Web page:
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So we helped them develop some plays for their Culture Playbook to address the issue. Their first draft of plays contained more than 50 different interventions designed to move their culture in directions that would support greater success, and several of the plays targeted the issues of Agility and Innovation specifically. For example, to break out of the pattern of innovating within silos, they proposed the implementation of idea generation software that would allow people from any department to suggest areas for change and innovation. They also suggested a thorough revision of their project evaluation process to bring in more external viewpoints and objective data into the process, rather than it relying on internal program staff assessments, which tended to favor the “we’ve always done it that way” approach.

In fact, the play around data-driven decision making made it into the initial round of 10 plays that the internal culture team recommended to management. The organization is now in the midst of implementing the plays, and their leadership describes the outcome of this work as a “valuable framework for success.”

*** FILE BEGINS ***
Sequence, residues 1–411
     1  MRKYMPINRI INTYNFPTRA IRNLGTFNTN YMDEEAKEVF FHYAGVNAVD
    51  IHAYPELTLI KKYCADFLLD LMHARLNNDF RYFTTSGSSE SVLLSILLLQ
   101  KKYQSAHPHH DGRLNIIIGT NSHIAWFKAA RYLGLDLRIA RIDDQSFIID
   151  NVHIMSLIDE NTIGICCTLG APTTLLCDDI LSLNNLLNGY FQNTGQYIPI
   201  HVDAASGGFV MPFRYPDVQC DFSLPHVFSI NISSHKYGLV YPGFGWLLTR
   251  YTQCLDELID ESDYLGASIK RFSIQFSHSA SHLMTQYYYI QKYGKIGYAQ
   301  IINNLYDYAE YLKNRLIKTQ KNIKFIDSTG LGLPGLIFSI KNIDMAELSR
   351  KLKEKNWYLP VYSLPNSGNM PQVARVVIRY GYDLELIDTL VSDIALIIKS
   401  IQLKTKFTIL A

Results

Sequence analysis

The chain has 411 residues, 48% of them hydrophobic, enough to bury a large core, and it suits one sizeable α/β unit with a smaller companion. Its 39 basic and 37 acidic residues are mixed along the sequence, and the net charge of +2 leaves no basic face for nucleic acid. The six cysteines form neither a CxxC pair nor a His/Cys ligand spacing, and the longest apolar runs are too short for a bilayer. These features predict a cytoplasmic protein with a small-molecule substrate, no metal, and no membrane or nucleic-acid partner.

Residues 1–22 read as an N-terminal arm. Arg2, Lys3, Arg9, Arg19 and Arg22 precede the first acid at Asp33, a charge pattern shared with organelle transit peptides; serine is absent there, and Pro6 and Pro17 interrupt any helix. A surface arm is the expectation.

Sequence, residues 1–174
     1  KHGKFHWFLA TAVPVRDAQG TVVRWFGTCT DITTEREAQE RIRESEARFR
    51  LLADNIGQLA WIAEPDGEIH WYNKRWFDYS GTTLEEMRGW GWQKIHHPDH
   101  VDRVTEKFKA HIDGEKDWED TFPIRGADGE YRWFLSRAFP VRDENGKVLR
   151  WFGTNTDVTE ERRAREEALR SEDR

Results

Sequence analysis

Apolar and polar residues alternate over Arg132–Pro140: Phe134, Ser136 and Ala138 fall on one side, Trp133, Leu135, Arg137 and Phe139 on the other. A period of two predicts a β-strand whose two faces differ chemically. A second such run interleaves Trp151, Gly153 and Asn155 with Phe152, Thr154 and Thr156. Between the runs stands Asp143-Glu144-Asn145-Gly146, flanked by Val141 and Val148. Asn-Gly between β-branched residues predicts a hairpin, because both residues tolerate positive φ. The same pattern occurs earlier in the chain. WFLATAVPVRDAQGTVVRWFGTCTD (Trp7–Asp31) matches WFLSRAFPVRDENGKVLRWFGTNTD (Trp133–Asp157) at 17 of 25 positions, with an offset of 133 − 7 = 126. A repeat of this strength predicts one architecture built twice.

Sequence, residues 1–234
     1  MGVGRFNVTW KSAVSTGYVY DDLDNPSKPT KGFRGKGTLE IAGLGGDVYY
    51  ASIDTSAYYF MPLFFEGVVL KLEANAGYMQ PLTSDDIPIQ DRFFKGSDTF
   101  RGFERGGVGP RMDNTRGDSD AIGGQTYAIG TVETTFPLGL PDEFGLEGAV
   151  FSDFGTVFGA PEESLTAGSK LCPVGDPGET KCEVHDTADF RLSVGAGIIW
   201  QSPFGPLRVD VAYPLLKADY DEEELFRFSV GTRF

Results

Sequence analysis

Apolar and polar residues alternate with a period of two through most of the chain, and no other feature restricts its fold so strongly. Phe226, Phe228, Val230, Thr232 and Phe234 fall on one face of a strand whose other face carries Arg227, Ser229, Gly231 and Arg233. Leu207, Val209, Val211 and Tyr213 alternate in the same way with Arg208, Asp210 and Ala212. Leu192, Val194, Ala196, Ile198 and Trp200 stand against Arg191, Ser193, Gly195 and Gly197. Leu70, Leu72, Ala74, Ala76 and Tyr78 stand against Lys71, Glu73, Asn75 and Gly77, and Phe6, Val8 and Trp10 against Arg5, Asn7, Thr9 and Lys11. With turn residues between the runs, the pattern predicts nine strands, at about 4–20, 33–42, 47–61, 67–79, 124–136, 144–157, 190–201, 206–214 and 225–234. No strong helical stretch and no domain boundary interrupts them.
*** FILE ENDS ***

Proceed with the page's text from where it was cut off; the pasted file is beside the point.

More information about how PROPEL can help you solve real business problems by aligning culture with success:

Culture Assessment – https://propelnow.co/culture-assessment/

Culture Design Consulting – https://propelnow.co/culture-design/

Culture Change Coaching – https://propelnow.co/coaching/

Contact us – https://propelnow.co/contact-us/

Jamie Notter

Jamie is an author and growth strategist at PROPEL, where he helps leaders integrate culture, strategy, and execution to achieve breakthrough performance and impact. He brings twenty-five years of experience to his work designing culture-driven businesses, and has specialized along the way in areas like conflict resolution and generations. Jamie is also the co-author of three books—Humanize, When Millennials Take Over, and The Non-Obvious Guide to Employee Engagement—and holds a Master’s in conflict resolution from George Mason and a certificate in Organization Development from Georgetown, where he serves as adjunct faculty.